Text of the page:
Striking is the cognitive dissonance between the growing diversity of California Republicans and their obsession over illegal immigration. Until the party can reconcile the two, the proffer of an inclusive slate invites the suspicion of window-dressing, even where clearly it is not. For now, in the knowledge that California Republicans have potential winners this season, if they don't screw up as they have in the past, the best that the state party can do (and do it did in San Diego) is squelch the resurgent furor among party faithful over immigration. Some in the party remember 1994, and Republican sponsorship of proposition 187, designed to deny health services and education to illegal immigrants, but which instead subsequently denied Republicans statewide office until the election of Arnold Schwarzenegger.

"Like the smoker who can't give up cigarettes until he coughs up blood, the Republicans have had that cough-up blood moment." John Gizzi, the White House correspondent for Human Events, was one of several conservatives who engaged in introspection over the weekend about the error of Republican ways. "The mistakes made on the ethical and spending front -- that will not happen again," he said.

At the Saturday night dinner, before a surprisingly sparse crowd, representative of the California 49th but better known as "Obama's Annoyer-in-Chief" Darrell Issa said, "We have to be willing to tear down the Republican Party as we know it." Issa himself was on a tear. "We have to say to the Tea Party, 'Get out of our way, you're not going far enough.'" (One of the curiosities of the convention was the ignorance of Tea Partiers, as if the state Republican Party was the fort, not quite able to read the Tea smoke in the distance.) In his own moment of introspection, Issa said, "We should have been the party that produced the Sunlight Foundation."

The acknowledgment that mistakes had been made, particularly the out-of-control spending during the Bush years, kept the San Diego convention in a sober mood. The idée fixe of less government/more frugality, held with the fervor only the reformed can muster, has brought into unlikely proximity such different personalities as the earnest Abel Maldonado, currently California Lt. Governor and running against Gavin Newsom to keep his office, and that Inspector Javert of the U.S. Congress, Darrell Issa.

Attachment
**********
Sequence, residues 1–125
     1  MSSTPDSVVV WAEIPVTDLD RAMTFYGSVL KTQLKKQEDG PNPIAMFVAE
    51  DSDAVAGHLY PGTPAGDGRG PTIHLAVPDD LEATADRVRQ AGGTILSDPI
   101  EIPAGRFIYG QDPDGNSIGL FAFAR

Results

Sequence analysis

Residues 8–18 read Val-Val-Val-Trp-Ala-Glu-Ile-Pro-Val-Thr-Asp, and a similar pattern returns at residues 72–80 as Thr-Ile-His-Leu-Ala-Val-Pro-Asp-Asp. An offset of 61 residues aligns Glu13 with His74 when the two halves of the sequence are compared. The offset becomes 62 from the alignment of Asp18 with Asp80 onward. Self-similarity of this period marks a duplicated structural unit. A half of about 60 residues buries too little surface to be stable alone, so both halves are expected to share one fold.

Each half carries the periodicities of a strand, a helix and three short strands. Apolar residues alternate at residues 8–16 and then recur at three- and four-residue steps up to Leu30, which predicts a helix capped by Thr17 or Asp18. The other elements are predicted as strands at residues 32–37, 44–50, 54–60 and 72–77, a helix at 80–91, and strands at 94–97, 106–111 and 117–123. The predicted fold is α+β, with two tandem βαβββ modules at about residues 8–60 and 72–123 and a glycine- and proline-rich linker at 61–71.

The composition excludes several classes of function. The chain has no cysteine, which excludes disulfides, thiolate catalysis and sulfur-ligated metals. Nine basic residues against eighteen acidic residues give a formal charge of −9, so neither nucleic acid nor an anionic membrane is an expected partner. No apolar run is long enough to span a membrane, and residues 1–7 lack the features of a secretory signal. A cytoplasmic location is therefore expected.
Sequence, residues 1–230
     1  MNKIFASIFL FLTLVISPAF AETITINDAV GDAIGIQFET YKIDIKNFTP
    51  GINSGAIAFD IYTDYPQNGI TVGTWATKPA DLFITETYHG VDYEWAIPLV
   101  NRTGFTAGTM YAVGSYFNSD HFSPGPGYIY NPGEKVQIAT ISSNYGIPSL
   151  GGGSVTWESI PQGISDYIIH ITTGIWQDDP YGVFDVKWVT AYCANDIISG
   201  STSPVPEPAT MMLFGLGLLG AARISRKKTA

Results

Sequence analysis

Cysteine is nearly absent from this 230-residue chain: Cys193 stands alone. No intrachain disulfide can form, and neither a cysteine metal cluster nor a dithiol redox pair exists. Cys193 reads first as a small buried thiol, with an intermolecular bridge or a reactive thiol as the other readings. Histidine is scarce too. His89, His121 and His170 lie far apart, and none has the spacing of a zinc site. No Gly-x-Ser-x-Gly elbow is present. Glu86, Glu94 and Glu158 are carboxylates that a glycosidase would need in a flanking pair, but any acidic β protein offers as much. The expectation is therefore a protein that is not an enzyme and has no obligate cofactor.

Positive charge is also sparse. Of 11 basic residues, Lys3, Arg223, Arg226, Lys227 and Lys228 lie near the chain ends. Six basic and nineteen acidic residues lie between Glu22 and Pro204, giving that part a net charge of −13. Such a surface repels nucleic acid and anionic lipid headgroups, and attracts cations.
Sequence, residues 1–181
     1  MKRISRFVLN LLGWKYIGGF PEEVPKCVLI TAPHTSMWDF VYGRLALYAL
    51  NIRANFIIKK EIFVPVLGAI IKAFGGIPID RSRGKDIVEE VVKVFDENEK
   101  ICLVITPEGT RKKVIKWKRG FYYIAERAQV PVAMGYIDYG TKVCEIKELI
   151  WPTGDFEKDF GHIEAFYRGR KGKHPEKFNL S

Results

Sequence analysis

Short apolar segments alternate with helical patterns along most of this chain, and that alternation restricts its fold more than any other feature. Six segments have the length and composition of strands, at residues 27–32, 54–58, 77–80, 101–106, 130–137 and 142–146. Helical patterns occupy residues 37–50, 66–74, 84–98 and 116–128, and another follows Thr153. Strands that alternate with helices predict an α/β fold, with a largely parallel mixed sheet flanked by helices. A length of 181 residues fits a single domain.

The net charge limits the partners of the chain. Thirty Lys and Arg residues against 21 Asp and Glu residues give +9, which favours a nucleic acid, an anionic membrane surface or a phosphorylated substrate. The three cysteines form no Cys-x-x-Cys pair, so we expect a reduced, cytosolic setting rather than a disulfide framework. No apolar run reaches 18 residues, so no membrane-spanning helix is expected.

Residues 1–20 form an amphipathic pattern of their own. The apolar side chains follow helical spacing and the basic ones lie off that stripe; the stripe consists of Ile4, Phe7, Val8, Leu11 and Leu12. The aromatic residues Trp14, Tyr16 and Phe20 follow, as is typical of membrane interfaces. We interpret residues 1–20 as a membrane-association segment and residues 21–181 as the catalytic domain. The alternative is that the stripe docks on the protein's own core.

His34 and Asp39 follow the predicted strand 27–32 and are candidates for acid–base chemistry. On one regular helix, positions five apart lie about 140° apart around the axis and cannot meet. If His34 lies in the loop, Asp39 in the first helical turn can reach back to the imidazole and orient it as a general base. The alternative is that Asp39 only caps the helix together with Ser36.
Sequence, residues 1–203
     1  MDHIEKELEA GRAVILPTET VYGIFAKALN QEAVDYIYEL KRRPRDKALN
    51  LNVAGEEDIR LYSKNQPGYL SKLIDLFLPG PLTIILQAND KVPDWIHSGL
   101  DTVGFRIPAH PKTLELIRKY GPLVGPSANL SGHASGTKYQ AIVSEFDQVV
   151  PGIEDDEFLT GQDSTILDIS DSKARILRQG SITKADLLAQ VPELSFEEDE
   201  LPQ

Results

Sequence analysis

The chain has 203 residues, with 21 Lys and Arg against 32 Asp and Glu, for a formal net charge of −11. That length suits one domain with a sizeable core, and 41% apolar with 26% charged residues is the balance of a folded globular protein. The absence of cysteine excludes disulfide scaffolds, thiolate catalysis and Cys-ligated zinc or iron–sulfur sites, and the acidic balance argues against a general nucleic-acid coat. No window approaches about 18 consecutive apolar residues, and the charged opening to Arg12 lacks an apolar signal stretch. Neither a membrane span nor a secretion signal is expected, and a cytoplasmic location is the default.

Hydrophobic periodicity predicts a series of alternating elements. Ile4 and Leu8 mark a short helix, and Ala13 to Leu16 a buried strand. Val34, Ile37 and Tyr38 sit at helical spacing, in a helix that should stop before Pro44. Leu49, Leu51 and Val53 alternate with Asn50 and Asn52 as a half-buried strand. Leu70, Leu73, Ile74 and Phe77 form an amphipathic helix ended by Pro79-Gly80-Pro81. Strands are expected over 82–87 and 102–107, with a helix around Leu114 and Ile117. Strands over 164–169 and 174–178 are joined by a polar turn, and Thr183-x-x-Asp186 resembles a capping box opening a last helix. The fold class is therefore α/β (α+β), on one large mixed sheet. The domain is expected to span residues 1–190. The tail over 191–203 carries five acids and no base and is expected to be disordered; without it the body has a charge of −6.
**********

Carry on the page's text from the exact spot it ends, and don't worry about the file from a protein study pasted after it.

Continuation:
Adding to the sobriety, leavened by the amiable sense of surprise that Republicans in California could do very well this election year, was a determination not to blow it. Therefore, the food fight over immigration about which the state press had been salivating never materialized. The California Republican Assembly and its anti-immigration resolution were banished to Siberia: The group was not provided a conference room, and its resolution was killed before it could make it out of committee. At her brief presser, Carly Fiorina stayed resolutely on-new-message in the face of repeated questions about whether or not California and its Republicans should support Arizona's immigration law. "We ought to put all our energies on forcing the federal government to do its job," she demurred. While expressing sympathy for Arizona, Fiorina has shifted focus to the less-problematic stance (for she, as much as Whitman, needs Hispanic votes) of blaming the feds.